The Cool History About the Cantilever Barn in Cades Cove
Listen To This Blog- Click Play
Cades Cove is one of the most popular destinations inside the Great Smoky Mountains National Park. The area is full of natural wonder, and structures drenched in Appalachian history! There are many structures, walking trails, and pull offs that are worth exploring, but the cantilever barn in Cades Cove has a unique origin and design. It’s worth a stop to look at.
Where to find a cantilever barn?
In Cades Cove you can find the cantilever barn at the Tipton Place. Which you will come across on the second half of the 11 mile loop through Cades Cove.
Cantilever barns have German, Irish, and Swedish roots from settlers that brought similar architectural influences when they settled here. The design is characterized as 19th century. Cantilever barns are most commonly found in Sevier County. Since these barns are so unique to just the local area, it’s hard to find a lot of information about the barns.
What was its purpose?
The barns have the distinct characteristic of having a wide upper loft area that hangs over the lower level of the barn. The overhang is what is known as a “cantilever.” The overhang design was perfect for farmers in the Smokies. The Great Smoky Mountains National Park usually receives 80 inches of rainfall each year, making it one of the rainiest places in the U.S. The high level of rainfall and humidity in the Smokies caused farmers’ crops to rot. The overhang was the golden ticket solution farmers needed! The cantilever would funnel the rainfall on the roof away from the storage cribs of crops. The open spaces between the cribs kept the structure ventilated allowing air to circulate to further reduce spoiled inventory. Live stock could also find shelter underneath the overhang from severe weather or hot, sunny days. This barn in Cades Cove is an architectural wonder!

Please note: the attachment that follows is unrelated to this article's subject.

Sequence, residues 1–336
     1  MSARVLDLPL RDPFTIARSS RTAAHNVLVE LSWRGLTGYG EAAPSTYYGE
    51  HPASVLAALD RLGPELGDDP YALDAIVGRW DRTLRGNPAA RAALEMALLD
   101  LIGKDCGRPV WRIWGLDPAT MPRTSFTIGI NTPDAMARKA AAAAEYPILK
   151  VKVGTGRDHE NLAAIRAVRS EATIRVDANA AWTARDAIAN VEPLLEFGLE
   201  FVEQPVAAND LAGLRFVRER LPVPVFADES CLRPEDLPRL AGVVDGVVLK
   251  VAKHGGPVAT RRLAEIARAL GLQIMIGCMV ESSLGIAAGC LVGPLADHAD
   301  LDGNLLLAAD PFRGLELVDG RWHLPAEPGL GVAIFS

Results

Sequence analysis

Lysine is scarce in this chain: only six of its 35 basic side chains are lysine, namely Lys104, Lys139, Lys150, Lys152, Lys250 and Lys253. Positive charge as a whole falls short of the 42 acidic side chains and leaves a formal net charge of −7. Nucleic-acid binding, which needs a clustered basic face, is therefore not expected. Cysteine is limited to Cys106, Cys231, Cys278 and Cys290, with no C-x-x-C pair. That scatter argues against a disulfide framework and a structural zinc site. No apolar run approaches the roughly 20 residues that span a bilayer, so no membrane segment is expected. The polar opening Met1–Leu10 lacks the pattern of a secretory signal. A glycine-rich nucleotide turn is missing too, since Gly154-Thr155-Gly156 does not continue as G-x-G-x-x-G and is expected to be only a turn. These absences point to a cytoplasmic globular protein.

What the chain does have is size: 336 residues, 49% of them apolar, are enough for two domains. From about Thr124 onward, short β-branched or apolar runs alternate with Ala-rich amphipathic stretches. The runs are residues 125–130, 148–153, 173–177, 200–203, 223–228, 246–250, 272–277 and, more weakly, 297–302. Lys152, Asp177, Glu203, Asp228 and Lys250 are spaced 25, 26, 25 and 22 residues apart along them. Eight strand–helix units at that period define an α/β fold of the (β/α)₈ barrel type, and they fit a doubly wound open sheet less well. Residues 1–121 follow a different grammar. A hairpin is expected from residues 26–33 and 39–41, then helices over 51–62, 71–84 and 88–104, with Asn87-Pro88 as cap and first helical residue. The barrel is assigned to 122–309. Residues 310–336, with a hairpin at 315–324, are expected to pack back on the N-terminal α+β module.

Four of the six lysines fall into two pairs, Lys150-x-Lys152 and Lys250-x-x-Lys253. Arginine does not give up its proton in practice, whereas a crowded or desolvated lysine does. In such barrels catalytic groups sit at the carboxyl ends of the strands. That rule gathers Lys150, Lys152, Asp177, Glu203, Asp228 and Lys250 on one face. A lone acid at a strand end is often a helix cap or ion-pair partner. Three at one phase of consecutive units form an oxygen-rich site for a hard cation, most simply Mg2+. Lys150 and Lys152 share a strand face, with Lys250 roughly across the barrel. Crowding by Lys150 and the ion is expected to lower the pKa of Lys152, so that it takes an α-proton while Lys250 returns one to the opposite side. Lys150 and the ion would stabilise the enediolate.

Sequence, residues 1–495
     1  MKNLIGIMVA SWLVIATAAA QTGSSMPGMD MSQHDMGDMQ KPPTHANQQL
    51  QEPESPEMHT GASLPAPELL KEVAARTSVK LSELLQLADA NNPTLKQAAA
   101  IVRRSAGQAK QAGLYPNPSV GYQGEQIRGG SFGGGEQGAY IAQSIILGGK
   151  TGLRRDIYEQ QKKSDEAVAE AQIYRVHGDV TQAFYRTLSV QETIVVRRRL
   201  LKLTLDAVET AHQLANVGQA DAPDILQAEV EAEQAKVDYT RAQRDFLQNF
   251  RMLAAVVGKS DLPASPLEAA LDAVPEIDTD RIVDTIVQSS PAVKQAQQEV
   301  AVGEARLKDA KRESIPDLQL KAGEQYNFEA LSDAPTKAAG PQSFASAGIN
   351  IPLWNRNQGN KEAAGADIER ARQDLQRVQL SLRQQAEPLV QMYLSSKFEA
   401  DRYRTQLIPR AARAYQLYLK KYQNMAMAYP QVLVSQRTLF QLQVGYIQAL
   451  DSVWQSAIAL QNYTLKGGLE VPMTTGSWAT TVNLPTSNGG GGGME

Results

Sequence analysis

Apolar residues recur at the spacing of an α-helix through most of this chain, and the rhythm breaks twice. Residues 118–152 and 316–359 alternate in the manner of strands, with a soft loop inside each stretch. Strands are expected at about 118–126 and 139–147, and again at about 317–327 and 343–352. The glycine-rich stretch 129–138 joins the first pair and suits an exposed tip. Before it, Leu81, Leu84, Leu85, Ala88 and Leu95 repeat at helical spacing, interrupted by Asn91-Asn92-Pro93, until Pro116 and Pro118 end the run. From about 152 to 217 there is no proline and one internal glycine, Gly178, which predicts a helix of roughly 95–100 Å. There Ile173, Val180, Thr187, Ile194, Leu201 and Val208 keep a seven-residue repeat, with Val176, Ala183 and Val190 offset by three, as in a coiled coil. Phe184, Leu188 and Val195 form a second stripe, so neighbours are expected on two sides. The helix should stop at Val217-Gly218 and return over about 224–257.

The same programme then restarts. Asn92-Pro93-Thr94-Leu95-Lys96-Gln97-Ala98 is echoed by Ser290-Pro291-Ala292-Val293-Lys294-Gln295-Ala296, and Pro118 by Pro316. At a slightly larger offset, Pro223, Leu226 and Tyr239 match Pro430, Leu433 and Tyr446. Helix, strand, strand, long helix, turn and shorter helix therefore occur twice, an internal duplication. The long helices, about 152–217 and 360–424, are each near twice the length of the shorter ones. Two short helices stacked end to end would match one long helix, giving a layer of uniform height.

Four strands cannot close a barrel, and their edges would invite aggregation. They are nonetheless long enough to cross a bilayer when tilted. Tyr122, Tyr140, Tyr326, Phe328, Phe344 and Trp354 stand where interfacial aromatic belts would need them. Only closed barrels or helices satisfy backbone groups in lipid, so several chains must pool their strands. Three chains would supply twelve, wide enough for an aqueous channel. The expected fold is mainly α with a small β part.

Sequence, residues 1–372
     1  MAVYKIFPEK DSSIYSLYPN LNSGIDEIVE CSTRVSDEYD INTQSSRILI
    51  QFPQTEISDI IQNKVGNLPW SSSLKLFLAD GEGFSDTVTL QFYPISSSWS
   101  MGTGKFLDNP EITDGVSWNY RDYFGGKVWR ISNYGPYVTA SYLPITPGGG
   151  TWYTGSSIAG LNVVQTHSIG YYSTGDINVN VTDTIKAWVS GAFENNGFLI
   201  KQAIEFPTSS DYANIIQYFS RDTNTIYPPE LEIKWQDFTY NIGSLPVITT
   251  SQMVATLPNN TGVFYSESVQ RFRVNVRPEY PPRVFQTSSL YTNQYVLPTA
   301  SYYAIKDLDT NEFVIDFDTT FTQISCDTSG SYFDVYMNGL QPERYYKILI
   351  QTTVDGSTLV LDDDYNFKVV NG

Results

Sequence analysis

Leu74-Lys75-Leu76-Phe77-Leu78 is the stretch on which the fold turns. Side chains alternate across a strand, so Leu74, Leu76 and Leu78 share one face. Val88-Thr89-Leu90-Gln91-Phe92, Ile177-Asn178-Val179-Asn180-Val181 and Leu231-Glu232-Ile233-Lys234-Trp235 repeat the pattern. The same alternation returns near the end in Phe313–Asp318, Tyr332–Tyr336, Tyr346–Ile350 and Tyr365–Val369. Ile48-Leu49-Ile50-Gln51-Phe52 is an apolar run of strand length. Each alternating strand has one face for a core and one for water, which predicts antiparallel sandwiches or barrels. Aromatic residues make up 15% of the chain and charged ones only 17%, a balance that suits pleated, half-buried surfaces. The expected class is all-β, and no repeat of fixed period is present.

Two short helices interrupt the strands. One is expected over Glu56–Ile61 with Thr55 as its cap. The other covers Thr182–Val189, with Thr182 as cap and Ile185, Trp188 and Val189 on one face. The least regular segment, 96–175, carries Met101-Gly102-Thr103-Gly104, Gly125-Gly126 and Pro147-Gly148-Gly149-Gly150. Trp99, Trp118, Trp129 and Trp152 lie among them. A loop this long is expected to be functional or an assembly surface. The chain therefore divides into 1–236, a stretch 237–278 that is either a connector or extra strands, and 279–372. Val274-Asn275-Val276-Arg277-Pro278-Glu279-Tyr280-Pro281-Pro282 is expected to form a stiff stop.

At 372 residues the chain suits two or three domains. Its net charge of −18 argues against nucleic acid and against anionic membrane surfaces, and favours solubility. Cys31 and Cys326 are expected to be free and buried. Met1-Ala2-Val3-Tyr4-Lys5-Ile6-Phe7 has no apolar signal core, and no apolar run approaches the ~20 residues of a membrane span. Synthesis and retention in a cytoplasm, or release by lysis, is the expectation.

There’s a rumor or wives-tale in the Smokies about the unique design of the cantilever barn. Supposedly, the barn was designed to have that wide, overhang second-story to stay a step ahead of the government and taxes! Apparently, taxes were assessed based on square footage of a structure touching the ground. Hardly a third of a cantilever barn is on ground level. So, these architectural wonders could have possibly saved farmers big money on their taxes!
This barn in Cades Cove is truly phenomenal, and worth a stop to explore! The structure was built without any modern machinery. If you take the time you can marvel at the incredible detail that goes into cantilever barns. If you want to learn more about some of the other historic structures in Cades Cove, you can read about the beautiful, primitive Cades Cove churches here!
You can find other helpful information about all things Cades Cove here!